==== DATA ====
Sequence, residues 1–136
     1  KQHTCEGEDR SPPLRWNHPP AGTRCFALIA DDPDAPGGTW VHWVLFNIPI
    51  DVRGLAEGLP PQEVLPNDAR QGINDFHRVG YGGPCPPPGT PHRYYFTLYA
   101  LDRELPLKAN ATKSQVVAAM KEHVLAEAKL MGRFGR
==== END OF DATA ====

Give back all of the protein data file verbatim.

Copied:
Sequence, residues 1–136
     1  KQHTCEGEDR SPPLRWNHPP AGTRCFALIA DDPDAPGGTW VHWVLFNIPI
    51  DVRGLAEGLP PQEVLPNDAR QGINDFHRVG YGGPCPPPGT PHRYYFTLYA
   101  LDRELPLKAN ATKSQVVAAM KEHVLAEAKL MGRFGR